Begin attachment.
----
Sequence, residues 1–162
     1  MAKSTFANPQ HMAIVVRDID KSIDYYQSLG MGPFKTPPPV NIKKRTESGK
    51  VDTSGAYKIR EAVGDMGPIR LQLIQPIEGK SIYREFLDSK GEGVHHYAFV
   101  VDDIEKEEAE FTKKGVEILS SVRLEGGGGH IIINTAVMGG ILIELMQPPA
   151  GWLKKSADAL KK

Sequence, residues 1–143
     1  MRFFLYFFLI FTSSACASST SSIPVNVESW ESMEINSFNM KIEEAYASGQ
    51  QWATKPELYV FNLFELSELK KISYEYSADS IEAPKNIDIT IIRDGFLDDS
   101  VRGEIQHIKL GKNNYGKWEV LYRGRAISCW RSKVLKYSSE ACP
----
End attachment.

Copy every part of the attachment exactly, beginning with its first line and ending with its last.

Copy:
Sequence, residues 1–162
     1  MAKSTFANPQ HMAIVVRDID KSIDYYQSLG MGPFKTPPPV NIKKRTESGK
    51  VDTSGAYKIR EAVGDMGPIR LQLIQPIEGK SIYREFLDSK GEGVHHYAFV
   101  VDDIEKEEAE FTKKGVEILS SVRLEGGGGH IIINTAVMGG ILIELMQPPA
   151  GWLKKSADAL KK

Sequence, residues 1–143
     1  MRFFLYFFLI FTSSACASST SSIPVNVESW ESMEINSFNM KIEEAYASGQ
    51  QWATKPELYV FNLFELSELK KISYEYSADS IEAPKNIDIT IIRDGFLDDS
   101  VRGEIQHIKL GKNNYGKWEV LYRGRAISCW RSKVLKYSSE ACP